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Help for the underprivileged. This past winter, according to the Chicago Academy of Sciences newsletter Newscast (Spring 1990), "the Academy presented its Dino-Rama! exhibit at four suburban shopping centers in a cooperative agreement with JMB Properties Urban Company. This special outreach program gave families who may not visit the city's museums very often a chance to learn about prehistoric life and see the same giant moving, growling dinosaurs that appeared in the Academy's 1988 Dino-Rama! exhibit." Gosh-- maybe it will attract some of those timid suburbanites back to Lincoln Park to see the rest of the academy, not to mention a real giant moving, growling city.

You probably got those parking tickets because you were in a hurry-- now you won't have to slow down, even to pay them off. The Parking Ticket Payment Service will stand in line for you--for $3 per ticket.

Press releases we didn't want to read the rest of: "Imagine your home or office from a fire's point of view."

"Underinformed, underappreciated, and underpaid"--that's how many University of Chicago humanities professors feel, according to a recent campus Humanities Commission report (University of Chicago Record, April 12). The university has not released exact information, but the salaries of humanities faculty fell behind in the 1970s and never caught up. Only now, at some schools, is a hiring revival in progress: UCLA "this year made thirteen new faculty appointments in English alone, the kind of recruitment that has not been undertaken since the mid-1960s." Duke has been recruiting faculty at $100,000 a pop. "Some now rate them No. 1 in English.... Other universities that have competed for top Humanities talent only sporadically or halfheartedly before--Emory, Florida, Texas, Vanderbilt, California-Irvine, Rochester, Ohio State, Rutgers, Rice--have begun to build first-rate faculties by offering similar salaries and presenting a similar sense of vision." The U. of C.'s competitors "have come after some of our best and brightest faculty, and they will be back.... The University of Chicago is in danger of being left further behind by those ahead of it and of being passed by many who have always been behind it."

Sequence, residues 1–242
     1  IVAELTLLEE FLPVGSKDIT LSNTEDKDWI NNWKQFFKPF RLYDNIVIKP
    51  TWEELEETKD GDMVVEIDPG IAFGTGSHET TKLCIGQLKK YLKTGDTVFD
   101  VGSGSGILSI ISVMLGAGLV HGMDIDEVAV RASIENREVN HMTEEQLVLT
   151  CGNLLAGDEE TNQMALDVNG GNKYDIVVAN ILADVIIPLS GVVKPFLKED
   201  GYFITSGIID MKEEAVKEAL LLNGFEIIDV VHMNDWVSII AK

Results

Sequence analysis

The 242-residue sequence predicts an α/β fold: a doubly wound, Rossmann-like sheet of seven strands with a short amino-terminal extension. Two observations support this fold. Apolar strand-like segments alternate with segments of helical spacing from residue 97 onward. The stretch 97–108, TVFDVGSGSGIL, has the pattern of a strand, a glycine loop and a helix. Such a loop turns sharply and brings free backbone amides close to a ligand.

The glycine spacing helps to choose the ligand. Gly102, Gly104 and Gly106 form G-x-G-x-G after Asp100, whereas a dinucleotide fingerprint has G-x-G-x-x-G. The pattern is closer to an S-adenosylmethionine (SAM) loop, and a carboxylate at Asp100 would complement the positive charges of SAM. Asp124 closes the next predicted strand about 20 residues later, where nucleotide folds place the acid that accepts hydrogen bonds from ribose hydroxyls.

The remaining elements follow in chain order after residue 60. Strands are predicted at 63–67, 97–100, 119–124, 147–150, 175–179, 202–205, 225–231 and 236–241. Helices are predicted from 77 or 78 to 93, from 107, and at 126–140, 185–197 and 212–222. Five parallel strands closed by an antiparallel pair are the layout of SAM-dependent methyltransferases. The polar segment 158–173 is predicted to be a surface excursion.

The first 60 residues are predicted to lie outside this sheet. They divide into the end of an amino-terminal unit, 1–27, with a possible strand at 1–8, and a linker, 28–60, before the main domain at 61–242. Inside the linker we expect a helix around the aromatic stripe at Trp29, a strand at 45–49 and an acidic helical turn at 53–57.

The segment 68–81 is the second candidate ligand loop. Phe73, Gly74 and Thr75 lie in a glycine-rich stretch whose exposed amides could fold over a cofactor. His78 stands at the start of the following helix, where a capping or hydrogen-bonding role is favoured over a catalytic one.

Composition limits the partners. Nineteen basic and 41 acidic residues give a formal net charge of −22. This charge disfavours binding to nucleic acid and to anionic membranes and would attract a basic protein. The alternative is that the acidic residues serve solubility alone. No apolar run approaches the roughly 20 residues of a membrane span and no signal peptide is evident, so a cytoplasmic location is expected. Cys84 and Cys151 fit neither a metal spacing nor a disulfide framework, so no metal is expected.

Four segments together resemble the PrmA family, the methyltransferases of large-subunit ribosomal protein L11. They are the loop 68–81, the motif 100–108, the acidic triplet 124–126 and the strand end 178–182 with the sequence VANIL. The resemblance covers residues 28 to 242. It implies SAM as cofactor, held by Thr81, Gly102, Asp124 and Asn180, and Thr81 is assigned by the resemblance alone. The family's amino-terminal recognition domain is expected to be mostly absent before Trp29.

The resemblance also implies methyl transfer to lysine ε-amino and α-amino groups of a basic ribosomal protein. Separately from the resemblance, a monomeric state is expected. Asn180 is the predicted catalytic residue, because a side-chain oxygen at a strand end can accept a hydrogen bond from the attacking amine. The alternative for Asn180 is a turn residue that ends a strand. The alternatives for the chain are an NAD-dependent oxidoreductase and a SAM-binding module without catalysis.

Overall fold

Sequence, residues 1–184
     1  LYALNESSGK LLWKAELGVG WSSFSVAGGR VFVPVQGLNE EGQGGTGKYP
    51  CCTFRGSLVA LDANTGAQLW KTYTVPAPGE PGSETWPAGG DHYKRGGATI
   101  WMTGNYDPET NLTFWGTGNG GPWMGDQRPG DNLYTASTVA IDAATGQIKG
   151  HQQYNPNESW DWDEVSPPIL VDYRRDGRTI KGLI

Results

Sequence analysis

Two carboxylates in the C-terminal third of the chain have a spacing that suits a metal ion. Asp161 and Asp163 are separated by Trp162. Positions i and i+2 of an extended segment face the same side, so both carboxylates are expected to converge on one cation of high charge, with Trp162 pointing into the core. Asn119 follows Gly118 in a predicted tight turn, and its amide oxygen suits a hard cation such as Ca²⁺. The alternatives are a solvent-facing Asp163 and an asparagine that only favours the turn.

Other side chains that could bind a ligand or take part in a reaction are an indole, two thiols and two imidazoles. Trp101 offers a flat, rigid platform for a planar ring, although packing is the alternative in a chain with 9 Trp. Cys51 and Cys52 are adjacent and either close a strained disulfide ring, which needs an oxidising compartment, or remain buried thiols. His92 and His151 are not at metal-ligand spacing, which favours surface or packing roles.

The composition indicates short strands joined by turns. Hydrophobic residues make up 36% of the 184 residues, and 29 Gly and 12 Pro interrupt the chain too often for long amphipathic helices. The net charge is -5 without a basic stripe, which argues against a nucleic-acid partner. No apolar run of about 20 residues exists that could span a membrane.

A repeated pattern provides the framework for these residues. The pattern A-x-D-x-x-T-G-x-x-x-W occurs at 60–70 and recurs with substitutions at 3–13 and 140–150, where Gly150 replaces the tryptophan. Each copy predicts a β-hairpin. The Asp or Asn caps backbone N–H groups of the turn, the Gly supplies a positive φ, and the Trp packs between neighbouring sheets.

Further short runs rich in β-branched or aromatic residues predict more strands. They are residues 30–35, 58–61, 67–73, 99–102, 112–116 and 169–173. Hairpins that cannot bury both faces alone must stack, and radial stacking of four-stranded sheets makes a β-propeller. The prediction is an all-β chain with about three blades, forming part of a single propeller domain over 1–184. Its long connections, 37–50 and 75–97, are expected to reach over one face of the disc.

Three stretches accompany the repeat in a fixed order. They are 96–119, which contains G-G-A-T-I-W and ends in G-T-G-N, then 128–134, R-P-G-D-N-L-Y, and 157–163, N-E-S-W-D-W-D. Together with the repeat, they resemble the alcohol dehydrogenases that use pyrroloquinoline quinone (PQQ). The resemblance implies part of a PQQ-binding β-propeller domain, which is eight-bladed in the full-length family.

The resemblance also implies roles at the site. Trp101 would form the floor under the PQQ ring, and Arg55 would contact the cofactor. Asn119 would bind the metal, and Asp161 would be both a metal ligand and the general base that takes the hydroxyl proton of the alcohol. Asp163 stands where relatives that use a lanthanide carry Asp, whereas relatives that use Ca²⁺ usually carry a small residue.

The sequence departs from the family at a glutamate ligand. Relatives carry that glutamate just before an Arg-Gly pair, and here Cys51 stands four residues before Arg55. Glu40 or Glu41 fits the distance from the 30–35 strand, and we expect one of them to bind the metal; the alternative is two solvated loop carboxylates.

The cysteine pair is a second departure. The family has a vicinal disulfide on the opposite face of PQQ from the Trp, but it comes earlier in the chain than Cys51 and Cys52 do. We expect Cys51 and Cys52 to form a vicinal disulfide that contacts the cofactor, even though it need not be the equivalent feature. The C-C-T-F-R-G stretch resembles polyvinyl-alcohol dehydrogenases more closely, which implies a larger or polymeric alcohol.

"Right now, you can get a better tax break by raising thoroughbred horses in Illinois than for raising kids," says state treasurer candidate Pat Quinn, arguing for his package of state tax reforms, especially an increase in the personal exemption--as opposed to "quick-fix tax propositions that don't actually reduce taxes and leave Illinois' unfair tax code intact."

Maybe these outfits should get together. Among the winners of the recent fourth annual Governor's Pollution Prevention Awards were two suburban firms: United Technologies Automotive of Wheeling converted its degreasing unit from Freon 113 to 1,1,1-trichloroethane, and Four Star Tool of Rosemont converted its degreasing operation from 1,1,1-trichloroethane to a nontoxic citrus-rind extract "capable of separating oils and greases from any surface."

You can work here, but good luck living here. According to the Northeastern Illinois Planning Commission, in 1986 eastern Du Page County had 117,642 lower-income jobs (less than $425 a week then) and just 11,584 units of lower-income housing, for a jobs-to-affordable-housing ratio of more than 10 to 1. The ratios were 8.87 to 1 for northern Cook and 8.55 to 1 for southwestern Lake. By contrast south-suburban Cook County had a ratio of just 1.79 to 1 (Planning in Northeastern Illinois, Spring 1990).

"Tell me about yourself." That's how Gary Wolfson recommends that a recruiter start off an initial interview with a prospective employee (Business Edge, April 1990). "If a candidate responds to your opener with purely job-related information, he may be telling you something about his personality. Maybe he's a single-tracker who is somewhat rigid in his orientation." (Like the sort of person who refers to all job applicants as men?) "If he provides a more open response, this may indicate that he is a broader thinker."

Illinois' three greenest congressmen, according to the League of Conservation Voters Earth Day scorecard, are downstater Lane Evans, whose score on LCV-selected votes has averaged about 95 percent proenvironment during the last five years; veteran north-sider Sidney Yates, 91 percent; and south-side controversy magnet Gus Savage, 86 percent. The most antienvironment legislators have been suburban Republicans Henry Hyde and Dennis Hastert (around 19 percent). The ambitious Lynn Martin of Rockford has scored less than 50 percent overall since 1985; on the ten important 1989 votes selected by LCV, she seems to have been especially soft on the issue of liability for oil spills.

Art accompanying story in printed newspaper (not available in this archive): illustration/Carl Kock.

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